Problem set 6 due one day after Lec #16 
17 
Multistability Clustering 

18 
VQ PCA 
Problem set 7 due 
19 
More PCA Delta Rule 
Problem set 8 due 
20 
Conditioning Backpropagation 

21 
More Backpropagation 
Problem set 9 due 
22 
Stochastic Gradient Descent 

23 
Reinforcement Learning 
Problem set 10 due 
24 
More Reinforcement Learning 

25 
Final Review 


Final Exam 




Further Reading:

Readings
Lec # 
Topics 
READINGS 
1 
From Spikes to Rates 
Koch, Christof. Biophysics of Computation: Information Processing in Single Neurons. New York, NY: Oxford University Press, 2004, section 14.2, pp. 335341. ISBN: 9780195181999.
Ermentrout, Bard. "Reduction of ConductanceBased Models with Slow Synapses to Neural Nets." Neural Computation 6, no. 4 (July 1994): 679695. 
2 
Perceptrons: Simple and Multilayer 

3 
Perceptrons as Models of Vision 
Marr, David. Vision: A Computational Investigation into the Human Representation and Processing of Visual Information. New York, NY: W.H. Freeman & Company, 1983, section 2.2, pp. 5479. ISBN: 9780716715672.
Hubel, David H. Eye, Brain, and Vision. New York, NY: W.H. Freeman & Company, 1988, chapter 3, pp. 3946. ISBN: 9780716750208.
LeNet Web site 
4 
Linear Networks 

5 
Retina 
Adelson, E. H. "Lightness Perception and Lightness Illusions." The New Cognitive Neurosciences. Edited by Michael S. Gazzaniga. 2nd ed. Cambridge, MA: MIT Press, 1999, pp. 339351. ISBN: 9780262071956.
Hartline, H. K., and F. Ratliff. "Inhibitory Interaction in the Retina of Limulus." Physiology of Photoreceptor Organs. Edited by Michelangelo G. F. Fuortes. New York, NY: SpringerVerlag, 1972, pp. 382447. ISBN: 9780387057439. 
6 
Lateral Inhibition and Feature Selectivity 
Press, William H., Saul A. Teukolsky, William T. Vetterling, and Brian P. Flannery. Numerical Recipes in C: The Art of Scientific Computing. New York, NY: Cambridge University Press, 1992, chapters 12, and 13. ISBN: 9780521431088.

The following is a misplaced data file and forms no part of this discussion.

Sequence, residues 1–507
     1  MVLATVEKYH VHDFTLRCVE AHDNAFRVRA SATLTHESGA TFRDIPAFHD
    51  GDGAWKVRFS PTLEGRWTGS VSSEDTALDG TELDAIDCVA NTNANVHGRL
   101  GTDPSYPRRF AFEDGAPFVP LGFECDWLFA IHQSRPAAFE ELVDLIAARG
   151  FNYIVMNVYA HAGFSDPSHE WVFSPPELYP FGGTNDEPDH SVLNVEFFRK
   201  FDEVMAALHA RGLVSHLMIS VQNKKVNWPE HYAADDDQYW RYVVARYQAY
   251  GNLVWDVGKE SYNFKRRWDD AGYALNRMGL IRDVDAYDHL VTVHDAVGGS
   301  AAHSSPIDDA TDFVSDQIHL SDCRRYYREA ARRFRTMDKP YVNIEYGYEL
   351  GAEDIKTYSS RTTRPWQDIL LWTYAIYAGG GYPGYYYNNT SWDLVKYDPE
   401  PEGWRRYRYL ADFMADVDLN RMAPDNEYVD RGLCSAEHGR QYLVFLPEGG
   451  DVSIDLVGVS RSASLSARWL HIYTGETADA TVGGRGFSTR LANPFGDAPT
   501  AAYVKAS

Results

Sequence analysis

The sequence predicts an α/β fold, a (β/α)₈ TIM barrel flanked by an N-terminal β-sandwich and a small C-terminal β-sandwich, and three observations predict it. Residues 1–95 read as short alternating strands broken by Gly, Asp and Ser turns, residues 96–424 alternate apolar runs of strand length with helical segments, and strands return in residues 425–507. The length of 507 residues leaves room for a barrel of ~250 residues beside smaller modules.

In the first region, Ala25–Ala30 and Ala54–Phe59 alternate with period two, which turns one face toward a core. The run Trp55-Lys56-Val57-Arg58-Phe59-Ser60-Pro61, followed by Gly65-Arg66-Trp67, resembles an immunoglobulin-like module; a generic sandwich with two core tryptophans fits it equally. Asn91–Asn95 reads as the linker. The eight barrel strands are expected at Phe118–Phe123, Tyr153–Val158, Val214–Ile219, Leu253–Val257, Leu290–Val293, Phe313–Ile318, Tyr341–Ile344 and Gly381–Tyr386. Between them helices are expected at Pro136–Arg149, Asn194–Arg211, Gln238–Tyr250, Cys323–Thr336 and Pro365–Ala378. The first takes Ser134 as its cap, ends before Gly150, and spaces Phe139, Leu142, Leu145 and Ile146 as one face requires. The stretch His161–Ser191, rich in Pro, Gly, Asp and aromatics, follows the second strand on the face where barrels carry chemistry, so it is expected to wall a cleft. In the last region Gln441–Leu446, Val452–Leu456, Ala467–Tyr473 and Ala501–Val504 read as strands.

Strang, Gilbert. Introduction to Applied Mathematics. Wellesley, MA: WellesleyCambridge Press, 1986, section 4.2, pp. 290309. ISBN: 9780961408800. 
7 
Objectives and Optimization 

8 
Hybrid AnalogDigital Computation
Ring Network 
Hahnloser, R. H., R. Sarpeshkar, M. A. Mahowald, R. J. Douglas, and H. S. Seung. "Digital selection and analog amplification coexist in a cortexinspired silicon circuit." Nature 405, no. 6789 (June 22, 2000): 94751.
Hahnloser, Richard H., H. Sebastian Seung, and JeanJacques Slotine. "Permitted and Forbidden Sets in Symmetric ThresholdLinear Networks." Neural Computation 15, no. 3 (March 2003): 62138. 
9 
Constraint Satisfaction
Stereopsis 

10 
Bidirectional Perception 

11 
Signal Reconstruction 

12 
Hamiltonian Dynamics 


Midterm 

13 
Antisymmetric Networks 

14 
ExcitatoryInhibitory Networks Learning 

15 
Associative Memory 

16 
Models of Delay Activity Integrators 

17 
Multistability Clustering 

18 
VQ PCA 

19 
More PCA Delta Rule 

20 
Conditioning
Backpropagation 

21 
More Backpropagation 

22 
Stochastic Gradient Descent 

23 
Reinforcement Learning 

24 
More Reinforcement Learning 

25 
Final Review